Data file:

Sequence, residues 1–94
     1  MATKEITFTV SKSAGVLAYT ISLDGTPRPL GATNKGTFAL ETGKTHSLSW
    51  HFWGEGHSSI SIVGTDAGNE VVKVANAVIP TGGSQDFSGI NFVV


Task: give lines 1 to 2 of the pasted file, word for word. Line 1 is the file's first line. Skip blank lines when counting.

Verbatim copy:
Sequence, residues 1–94
     1  MATKEITFTV SKSAGVLAYT ISLDGTPRPL GATNKGTFAL ETGKTHSLSW